• I was curious what the crash program is doing with the field length and the original length?
    • Does CRASH simply increase the width of each crushed zone proportional to the difference between the original length and the crush length?
    • For example, if the original length of the front end of the car shown is 25% greater than the sum of the crush zones, does crash multiply the width of each zone by the same factor (1.2) in order to increase the sum of the effective crush zone width to the actual undamaged width?[/b]
A: In answer to your questions:
  • I was curious what the crash program is doing with the field length and the original length?
    • Nothing. For CRASH damage analysis the equations only uses the user entered ‘crush damage width’ or whatever it is called in whatever flavor of the CRASH program is being used.
  • Does CRASH simply increase the width of each crushed zone proportional to the difference between the original length and the crush length?
    • Since CRASH simply uses whatever damage width the user enters, the answer to the question is essentially YES, although CRASH does not check/care about the overall width or length of the vehicle as compared to the damage width.
      So it isn’t increasing or decreasing….it is simply calculating the segment width based on user entered width.
      But I guess that is essentially ‘increasing the width of each crushed zone’ based on crush length with no consideration of original length (the user has done that by entering the overall length rather than the actual crush length)
      Some other flavor (versions) or CRASH damage analysis may do a check of the damage width to the vehicle width or length and some even allow more than 2,4 or 6 'damage measurements'. However the basic calculation procedure is to calculate the area of damage (below i have posted the 2,4 & 6 point equations from the CRASH3 manual
  • For example, if the original length of the front end of the car shown is 25% greater than the sum of the crush zones, does crash multiply the width of each zone by the same factor (1.2) in order to increase the sum of the effective crush zone width to the actual undamaged width?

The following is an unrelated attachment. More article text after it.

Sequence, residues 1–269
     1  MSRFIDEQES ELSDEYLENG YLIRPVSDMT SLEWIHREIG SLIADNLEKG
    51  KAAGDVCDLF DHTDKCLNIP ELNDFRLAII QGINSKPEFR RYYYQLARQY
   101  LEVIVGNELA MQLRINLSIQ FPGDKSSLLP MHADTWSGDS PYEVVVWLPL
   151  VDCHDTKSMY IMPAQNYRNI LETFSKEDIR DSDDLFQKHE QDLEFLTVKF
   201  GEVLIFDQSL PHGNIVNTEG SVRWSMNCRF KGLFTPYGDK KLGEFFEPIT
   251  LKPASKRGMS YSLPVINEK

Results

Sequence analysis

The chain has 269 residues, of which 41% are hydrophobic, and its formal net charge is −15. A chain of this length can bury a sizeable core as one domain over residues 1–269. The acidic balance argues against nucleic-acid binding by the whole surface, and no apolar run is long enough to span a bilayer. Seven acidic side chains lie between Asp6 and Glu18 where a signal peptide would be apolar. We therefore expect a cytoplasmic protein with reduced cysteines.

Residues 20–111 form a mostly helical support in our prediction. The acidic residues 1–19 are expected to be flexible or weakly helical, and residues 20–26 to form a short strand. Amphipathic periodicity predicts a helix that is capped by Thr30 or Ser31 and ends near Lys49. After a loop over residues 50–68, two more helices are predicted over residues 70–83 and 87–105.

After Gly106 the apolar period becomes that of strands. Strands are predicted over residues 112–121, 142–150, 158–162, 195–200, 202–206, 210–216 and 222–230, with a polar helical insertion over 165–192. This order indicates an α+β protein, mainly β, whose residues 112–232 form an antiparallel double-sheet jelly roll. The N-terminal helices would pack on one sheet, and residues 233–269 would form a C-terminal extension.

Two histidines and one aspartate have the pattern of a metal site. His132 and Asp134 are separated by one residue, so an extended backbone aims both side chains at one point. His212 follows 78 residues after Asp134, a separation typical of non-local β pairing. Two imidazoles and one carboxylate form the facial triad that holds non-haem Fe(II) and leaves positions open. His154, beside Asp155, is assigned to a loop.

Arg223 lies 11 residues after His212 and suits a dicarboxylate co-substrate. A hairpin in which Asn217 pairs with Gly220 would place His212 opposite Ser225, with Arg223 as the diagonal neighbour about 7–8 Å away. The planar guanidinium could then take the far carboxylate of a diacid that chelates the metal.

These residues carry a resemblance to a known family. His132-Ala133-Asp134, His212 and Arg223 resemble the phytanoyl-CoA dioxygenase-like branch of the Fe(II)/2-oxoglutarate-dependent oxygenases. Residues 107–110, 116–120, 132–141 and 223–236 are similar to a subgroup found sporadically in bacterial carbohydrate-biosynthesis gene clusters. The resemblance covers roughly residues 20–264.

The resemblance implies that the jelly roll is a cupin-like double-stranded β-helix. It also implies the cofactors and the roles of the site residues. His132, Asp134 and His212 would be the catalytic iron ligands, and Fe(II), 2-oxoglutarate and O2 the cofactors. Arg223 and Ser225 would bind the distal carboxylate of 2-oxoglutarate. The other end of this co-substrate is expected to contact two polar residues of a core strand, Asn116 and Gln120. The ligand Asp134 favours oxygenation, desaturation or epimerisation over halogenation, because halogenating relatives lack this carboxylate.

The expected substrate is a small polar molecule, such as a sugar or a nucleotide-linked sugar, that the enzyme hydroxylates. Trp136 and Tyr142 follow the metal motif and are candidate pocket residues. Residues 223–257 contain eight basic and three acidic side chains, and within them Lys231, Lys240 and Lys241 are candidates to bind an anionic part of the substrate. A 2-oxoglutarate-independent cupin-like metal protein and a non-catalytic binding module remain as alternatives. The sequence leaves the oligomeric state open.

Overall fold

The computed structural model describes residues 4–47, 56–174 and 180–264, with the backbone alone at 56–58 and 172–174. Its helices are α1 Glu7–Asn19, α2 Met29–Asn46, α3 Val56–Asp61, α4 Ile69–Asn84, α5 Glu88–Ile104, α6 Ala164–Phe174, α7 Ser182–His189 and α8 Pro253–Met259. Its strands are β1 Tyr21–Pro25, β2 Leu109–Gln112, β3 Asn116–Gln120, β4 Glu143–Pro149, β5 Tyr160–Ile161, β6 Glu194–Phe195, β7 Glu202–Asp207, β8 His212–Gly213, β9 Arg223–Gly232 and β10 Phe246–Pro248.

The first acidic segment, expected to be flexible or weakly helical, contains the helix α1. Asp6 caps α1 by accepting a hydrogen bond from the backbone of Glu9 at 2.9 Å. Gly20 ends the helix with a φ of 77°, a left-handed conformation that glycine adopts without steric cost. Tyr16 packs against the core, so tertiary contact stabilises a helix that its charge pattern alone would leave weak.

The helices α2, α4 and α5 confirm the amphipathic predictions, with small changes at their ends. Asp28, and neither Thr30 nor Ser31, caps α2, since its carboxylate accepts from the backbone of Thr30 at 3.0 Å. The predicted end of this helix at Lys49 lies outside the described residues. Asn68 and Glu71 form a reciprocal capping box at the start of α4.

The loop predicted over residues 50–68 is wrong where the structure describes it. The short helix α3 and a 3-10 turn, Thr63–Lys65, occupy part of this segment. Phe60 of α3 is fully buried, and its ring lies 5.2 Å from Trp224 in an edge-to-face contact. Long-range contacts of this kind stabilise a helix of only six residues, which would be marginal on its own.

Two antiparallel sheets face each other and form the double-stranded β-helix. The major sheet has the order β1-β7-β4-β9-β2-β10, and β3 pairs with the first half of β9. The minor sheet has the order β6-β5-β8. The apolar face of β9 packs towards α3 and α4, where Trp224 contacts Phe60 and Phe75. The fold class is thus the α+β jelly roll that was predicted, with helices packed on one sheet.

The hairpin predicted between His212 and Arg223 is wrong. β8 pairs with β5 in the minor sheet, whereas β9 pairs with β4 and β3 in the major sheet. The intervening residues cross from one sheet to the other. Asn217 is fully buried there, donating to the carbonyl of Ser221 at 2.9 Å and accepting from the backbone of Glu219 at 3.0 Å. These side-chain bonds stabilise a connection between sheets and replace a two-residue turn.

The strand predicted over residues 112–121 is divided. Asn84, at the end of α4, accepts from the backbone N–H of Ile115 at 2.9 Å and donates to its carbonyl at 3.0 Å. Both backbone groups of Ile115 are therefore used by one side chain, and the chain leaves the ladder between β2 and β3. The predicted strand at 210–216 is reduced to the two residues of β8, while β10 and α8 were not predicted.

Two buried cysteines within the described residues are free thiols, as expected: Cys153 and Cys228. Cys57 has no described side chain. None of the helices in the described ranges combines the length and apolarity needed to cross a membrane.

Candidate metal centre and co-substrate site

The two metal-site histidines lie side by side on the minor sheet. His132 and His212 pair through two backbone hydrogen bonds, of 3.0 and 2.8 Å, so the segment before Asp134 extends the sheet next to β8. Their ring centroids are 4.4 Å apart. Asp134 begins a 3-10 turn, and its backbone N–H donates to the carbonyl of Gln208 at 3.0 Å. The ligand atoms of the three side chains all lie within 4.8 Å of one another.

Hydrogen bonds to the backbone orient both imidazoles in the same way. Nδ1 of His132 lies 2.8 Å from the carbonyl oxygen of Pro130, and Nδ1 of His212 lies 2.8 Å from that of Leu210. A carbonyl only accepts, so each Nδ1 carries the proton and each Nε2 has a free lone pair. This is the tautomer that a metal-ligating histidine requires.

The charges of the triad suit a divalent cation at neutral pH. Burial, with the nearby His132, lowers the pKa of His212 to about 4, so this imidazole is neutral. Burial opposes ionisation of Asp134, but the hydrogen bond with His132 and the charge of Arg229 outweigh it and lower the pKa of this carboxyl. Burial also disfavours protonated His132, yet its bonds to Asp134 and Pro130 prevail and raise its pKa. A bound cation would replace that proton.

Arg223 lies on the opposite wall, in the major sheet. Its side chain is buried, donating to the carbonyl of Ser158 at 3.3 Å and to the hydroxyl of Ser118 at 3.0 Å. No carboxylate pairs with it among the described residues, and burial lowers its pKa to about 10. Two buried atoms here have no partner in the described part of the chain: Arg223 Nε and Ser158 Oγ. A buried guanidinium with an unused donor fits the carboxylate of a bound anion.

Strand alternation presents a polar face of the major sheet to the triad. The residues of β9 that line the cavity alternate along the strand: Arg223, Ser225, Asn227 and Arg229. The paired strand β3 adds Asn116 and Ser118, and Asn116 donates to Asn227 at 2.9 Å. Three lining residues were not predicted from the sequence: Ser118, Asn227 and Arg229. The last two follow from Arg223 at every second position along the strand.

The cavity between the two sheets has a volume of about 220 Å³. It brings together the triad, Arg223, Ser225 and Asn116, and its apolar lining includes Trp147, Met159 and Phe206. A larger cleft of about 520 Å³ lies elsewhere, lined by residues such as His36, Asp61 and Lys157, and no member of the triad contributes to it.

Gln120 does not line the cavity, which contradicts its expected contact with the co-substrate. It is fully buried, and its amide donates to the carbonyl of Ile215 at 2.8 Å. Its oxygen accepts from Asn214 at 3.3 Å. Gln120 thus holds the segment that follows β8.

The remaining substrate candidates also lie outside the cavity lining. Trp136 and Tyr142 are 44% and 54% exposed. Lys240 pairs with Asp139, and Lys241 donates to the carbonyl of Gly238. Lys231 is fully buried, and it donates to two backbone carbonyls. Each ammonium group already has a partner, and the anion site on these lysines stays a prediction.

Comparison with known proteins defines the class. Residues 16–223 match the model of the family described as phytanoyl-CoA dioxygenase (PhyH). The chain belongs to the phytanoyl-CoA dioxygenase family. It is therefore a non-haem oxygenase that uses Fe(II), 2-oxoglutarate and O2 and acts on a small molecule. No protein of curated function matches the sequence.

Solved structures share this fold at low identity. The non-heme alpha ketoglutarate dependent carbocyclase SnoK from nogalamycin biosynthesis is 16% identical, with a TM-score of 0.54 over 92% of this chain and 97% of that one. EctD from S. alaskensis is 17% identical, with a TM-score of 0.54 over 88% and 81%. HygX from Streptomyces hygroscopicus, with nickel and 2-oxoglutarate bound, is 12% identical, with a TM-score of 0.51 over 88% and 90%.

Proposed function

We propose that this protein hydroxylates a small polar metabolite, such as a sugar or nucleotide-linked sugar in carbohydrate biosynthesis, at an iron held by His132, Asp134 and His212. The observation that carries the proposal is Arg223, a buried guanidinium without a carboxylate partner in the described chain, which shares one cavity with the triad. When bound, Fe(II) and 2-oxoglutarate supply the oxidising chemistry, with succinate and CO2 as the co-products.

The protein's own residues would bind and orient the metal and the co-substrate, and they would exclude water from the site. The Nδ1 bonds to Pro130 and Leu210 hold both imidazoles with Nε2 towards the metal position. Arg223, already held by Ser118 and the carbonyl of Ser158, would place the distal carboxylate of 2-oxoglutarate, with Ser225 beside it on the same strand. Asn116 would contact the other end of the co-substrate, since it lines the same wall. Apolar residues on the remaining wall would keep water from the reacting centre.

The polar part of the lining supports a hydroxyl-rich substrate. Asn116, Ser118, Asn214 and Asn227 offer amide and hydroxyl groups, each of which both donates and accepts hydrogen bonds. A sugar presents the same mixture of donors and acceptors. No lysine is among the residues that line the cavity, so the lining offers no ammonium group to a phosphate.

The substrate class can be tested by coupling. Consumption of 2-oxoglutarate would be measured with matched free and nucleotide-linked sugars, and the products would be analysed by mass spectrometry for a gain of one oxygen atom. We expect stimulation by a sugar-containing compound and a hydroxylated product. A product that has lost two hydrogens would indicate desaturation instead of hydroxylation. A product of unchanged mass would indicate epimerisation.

• NO. It simply uses the user input damage width and make each damage segment 1/6, 1/4, 1/2 of the user entered damage width
One important item to consider:
  • Some commercial versions of the CRASH/damage analysis have added options to allow for more than 6 damage measurement and different sized 'segments' for damage measurements
    • (which is mainly to try to give the illusion of some aura of additional accuracy however in tests run using measurements with a simple ruler vs survey equipment to make measurements the accuracy and limitations of CRASH are not improved at all. (i will add a reference to these tests when i get a chance, i believe it was documented in an SAE paper) However i guess it makes a good sales pitch for their 'better mousetrap'!)
    Part of their input process may include input of the length between each random damage measurement. Those programs may include a check of the 'overall damage width' and the summation of the individual segment width and either alert the user to the discrepancy OR do some adjustment to the individual segment lengths to handle the difference
    You will need to check with the individual program vendors to see how they are handling that situation.
The 2,4 & 6 point equations from pages 2.29, 2.30 of the CRASH3 manual [attachment=0]crash 246 pt calcs.jpg[/attachment]
Attachments
crash 246 pt calcs.jpg
crash 246 pt calcs.jpg (43.97 KiB) Viewed 1158 times
induced.jpg
induced.jpg (52.6 KiB) Viewed 1158 times